Wednesday, July 23, 2008

Godless Indifference

This afternoon I read a speech given by Elie Wiesel, the man who survived Auschwitz and Buchenwald as a boy and who became a Nobel Peace Prize winning writer. He is famous for La Nuit (Night) which details his experience in the concentration camps and which rips out your guts and leaves them on the floor to be stomped on repeatedly by your own conscience, as they freaking should be, for humanity's sake!

The speech called "The perils of indifference" was given at the White House in 1999 partly in response to NATO's humanitarian role regarding the Serbian oppression of the ethnic Albanians in Kosovo, of which the US played a major part.

As is true of any great writers, Wiesel relates personal specifics that, in any context, are universal and important so that average Jills like me can translate them in the context our own time periods and plant the messages in our hearts. And since we never live long enough* to permanently fix anything worth repairing or to think of anything new, the words have to carry out the missions in remembrance. Our hearts have to do the cultivating so that our hands can do the renovating.

And I'm rambling.

Anyway, two specific universals that Wiesel planted in my heart today were these:

1. When in the concentration camps and according to Jewish tradition, people often felt, "that to be abandoned by God was worse than to be punished by Him. Better an unjust God than an indifferent one... Man can live far from God-not outside God. God is wherever we are. Even in suffering? Even in suffering."

and

2. "...to be indifferent to [suffering] is what makes the human being inhuman. Indifference, after all, is more dangerous than anger and hatred." The idea is that anger and even hatred can elicit some sort of a response, even if that response is fighting, denouncement, or disarmament. "Indifference elicits no response ... And therefore indifference is always the friend of the enemy...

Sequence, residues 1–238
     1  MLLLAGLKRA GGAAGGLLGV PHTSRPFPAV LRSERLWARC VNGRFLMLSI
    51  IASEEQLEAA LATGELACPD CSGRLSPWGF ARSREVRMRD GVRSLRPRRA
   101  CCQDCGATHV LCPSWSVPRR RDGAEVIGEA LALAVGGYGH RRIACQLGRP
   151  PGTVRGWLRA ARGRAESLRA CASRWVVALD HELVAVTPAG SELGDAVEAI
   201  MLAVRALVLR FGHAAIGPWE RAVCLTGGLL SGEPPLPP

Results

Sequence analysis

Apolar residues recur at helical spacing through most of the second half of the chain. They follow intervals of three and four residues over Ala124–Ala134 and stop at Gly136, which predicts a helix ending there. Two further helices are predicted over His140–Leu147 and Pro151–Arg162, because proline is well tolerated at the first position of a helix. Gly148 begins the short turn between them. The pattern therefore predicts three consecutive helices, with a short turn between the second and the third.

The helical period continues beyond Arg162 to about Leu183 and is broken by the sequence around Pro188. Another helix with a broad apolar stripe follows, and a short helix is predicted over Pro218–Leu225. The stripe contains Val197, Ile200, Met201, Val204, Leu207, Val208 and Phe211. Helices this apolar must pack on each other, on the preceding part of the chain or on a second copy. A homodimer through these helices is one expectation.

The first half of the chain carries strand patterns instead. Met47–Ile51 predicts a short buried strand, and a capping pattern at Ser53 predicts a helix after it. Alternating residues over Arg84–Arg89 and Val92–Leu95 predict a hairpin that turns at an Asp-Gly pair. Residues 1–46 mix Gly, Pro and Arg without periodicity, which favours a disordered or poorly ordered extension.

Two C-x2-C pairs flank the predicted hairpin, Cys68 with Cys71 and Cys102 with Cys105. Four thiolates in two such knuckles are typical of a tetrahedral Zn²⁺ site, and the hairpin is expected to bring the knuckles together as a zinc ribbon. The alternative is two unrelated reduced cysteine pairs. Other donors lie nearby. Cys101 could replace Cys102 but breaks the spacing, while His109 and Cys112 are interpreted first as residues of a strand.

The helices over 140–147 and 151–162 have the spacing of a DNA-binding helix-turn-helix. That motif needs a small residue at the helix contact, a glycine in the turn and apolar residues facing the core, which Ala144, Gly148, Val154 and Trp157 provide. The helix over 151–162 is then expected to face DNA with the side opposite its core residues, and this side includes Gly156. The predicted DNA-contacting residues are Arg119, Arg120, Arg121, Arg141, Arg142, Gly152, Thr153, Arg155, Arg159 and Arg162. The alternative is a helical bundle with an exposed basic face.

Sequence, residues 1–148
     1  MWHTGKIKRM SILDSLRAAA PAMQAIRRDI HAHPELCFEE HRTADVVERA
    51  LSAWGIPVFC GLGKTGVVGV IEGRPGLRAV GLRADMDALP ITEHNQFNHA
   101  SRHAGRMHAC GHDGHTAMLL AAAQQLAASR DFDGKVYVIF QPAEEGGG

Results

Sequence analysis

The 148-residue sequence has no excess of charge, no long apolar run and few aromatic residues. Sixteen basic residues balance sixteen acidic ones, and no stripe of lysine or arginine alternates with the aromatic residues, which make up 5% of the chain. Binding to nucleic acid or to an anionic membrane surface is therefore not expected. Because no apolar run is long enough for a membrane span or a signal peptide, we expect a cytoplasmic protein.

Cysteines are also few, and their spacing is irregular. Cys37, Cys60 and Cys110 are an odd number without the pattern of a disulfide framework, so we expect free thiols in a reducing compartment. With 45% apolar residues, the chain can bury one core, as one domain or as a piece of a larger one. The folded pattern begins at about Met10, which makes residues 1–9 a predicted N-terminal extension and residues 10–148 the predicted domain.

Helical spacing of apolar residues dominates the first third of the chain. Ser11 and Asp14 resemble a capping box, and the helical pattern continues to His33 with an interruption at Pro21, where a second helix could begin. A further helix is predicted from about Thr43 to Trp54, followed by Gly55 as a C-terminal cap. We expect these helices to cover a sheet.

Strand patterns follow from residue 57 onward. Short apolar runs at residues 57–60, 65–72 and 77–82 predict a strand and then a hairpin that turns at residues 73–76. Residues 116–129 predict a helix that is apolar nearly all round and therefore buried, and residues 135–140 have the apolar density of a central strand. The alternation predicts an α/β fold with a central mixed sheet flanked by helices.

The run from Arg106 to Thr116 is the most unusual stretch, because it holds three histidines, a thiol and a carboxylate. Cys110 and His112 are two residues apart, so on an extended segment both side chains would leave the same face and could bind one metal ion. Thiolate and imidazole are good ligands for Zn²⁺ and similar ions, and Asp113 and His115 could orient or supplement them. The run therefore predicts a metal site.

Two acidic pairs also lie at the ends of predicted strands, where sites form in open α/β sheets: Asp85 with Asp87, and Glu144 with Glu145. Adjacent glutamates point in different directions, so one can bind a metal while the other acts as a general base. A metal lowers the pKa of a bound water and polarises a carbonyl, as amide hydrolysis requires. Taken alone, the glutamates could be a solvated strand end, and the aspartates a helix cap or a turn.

Indifference, then, is not only a sin, it is a punishment. And this is one of the most important lessons of this outgoing century's wide ranging experiments in good and evil."

I will respond to these ideas, but not today. I need to digest them fully first, and will respond in the comment section. I would love to hear your thoughts/responses/reactions to them.

*"To-morrow, and to-morrow, and to-morrow,
Creeps in this petty pace from day to day,
To the last syllable of recorded time;
And all our yesterdays have lighted fools
The way to dusty death.
Out, out, brief candle!
Life's but a walking shadow, a poor player,
That struts and frets his hour upon the stage,
And then is heard no more. It is a tale
Told by an idiot, full of sound and fury,
Signifying nothing."

8 comments:

Christine said...

I'm with you; I need some digestion time. But let me say I love this sentence:

"Our hearts have to do the cultivating so that our hands can do the renovating."

You're my friend for many reasons, not the least of which is that you say things like this.

Wern's Sis said...

G - this is interesting.

Can you elaborate on what he said in your point #1 "When in the concentration camps and according to Jewish tradition, people often felt, "that to be abandoned by God was worse than to be punished by Him. Better an unjust God than an indifferent one.." I am having trouble wrapping my brain around that comparison.

abandoned by God = unjust God
punished by God = indifferent God?

Or have I spent too many years at home and the old brain just isn't working?

Thanks

Mark said...

I think (though I may be wrong) what Ginger is saying is the other way round, namely that to feel abandoned by God opens one up to the idea that God doesn't care (ie, God is indifferent) whereas to feel as an innocent being punished by God opens one up to a sense that God is unjust.

Personally I think either experience can open one up to either judgment about God's nature (aswell as a number of others)

All of which IMO would be wrong. The Universe is made in God's Image, but and Image by its very nature is not the same as the Reality. An image is also quite transient, impermanent, ephemeral - the very nature of 'the flicks'. Likewise a photo may be burned. A sand painting blows away in the wind.

What I do think one can say with real certainty is that nature (and, sadly therefore, part of human nature) doesn't actually care. but that is NOT the same as saying the God doesn't care.

IMO God's created world does not operate according to God's essential attributes (my ways are not your ways) although I think it is also (seemingly paradoxically) true to say that one CAN discern *some* of his attributes in the miraculous function, beauty and, yes, eternal quality even of the universe.

i think the problem here, and this maybe goes to explain a lot of the seeming contradictions in religious texts is that both heaven and hell, God and Satan, Whole Universe and Separate Self, and a load of other paradoxes - cut through/exist together in the world.